Silage Chopping Season
This week it was all hands on deck to help with chopping silage. If you're not familiar with silage, it is cutting the entire plant (ryegrass, sorghum sudan grass, corn, etc.) and chopping it into small pieces. The chopper shoots the chopped pieces into the beds of large trucks (pic below) that take the silage to our silage pit. We then pack the silage down to remove all the air. We will then cover the entire pit with plastic to make it air-tight. The silage will ferment in about 2 weeks. We do this so that the nutritional value is retained so that we can feed our cattle year-round with lower cost feed that has high nutritional content. It requires a whole team effort so we recruit neighbors to help drive trucks to keep everything moving! The bottom picture shows the silage pit about half full, we will continue to mound up the silage past the top level of concrete blocks to make a mountain that rainwater will run off of. The concrete blocks are ~20 ft tall for relative scale!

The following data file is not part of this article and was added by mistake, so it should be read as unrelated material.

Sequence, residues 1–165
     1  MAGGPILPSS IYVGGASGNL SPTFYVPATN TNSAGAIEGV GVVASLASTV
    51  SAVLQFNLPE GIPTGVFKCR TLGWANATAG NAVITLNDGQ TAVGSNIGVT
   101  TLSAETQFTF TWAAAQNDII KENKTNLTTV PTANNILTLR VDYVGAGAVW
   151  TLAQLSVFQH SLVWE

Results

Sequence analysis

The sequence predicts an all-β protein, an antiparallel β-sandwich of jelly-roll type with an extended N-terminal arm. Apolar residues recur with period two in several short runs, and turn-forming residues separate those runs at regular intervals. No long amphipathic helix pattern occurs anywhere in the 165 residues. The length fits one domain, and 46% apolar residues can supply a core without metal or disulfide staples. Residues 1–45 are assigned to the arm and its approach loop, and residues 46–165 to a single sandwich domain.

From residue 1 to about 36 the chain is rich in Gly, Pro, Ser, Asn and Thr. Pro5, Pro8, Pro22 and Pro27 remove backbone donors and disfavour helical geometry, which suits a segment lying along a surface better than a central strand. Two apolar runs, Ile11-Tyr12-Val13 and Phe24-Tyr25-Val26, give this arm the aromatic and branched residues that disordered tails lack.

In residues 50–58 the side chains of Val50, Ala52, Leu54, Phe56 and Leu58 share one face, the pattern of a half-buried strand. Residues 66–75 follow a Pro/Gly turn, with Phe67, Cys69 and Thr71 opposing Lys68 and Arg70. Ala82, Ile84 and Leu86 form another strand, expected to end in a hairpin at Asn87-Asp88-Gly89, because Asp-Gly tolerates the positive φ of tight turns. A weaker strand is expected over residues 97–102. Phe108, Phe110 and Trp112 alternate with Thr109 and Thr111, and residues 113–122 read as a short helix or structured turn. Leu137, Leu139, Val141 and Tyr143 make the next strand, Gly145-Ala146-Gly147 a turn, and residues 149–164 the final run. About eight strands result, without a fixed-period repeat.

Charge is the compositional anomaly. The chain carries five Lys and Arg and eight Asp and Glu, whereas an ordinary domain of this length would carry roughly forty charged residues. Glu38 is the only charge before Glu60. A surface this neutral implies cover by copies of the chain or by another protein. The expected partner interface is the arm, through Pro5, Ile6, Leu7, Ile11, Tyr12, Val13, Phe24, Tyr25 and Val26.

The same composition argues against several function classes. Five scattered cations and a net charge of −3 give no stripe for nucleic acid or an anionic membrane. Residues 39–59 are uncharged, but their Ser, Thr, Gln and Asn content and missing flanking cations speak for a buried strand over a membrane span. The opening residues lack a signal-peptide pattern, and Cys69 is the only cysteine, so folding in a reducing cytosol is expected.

Another item to note is that chopping silage is a big reason we are capturing higher levels of carbon that some conventional farming. By cutting and storing the whole plant, all of the carbon that the plant has captured is retained. This is different than other practices that only harvest the ear or the soybean and the remaining stalk is left in the pastures or dried out and the carbon is leached back into the air. When we capture carbon, we don't want to give it right back! As ruminants, cattle are able to digest the whole plant so we save the whole plant.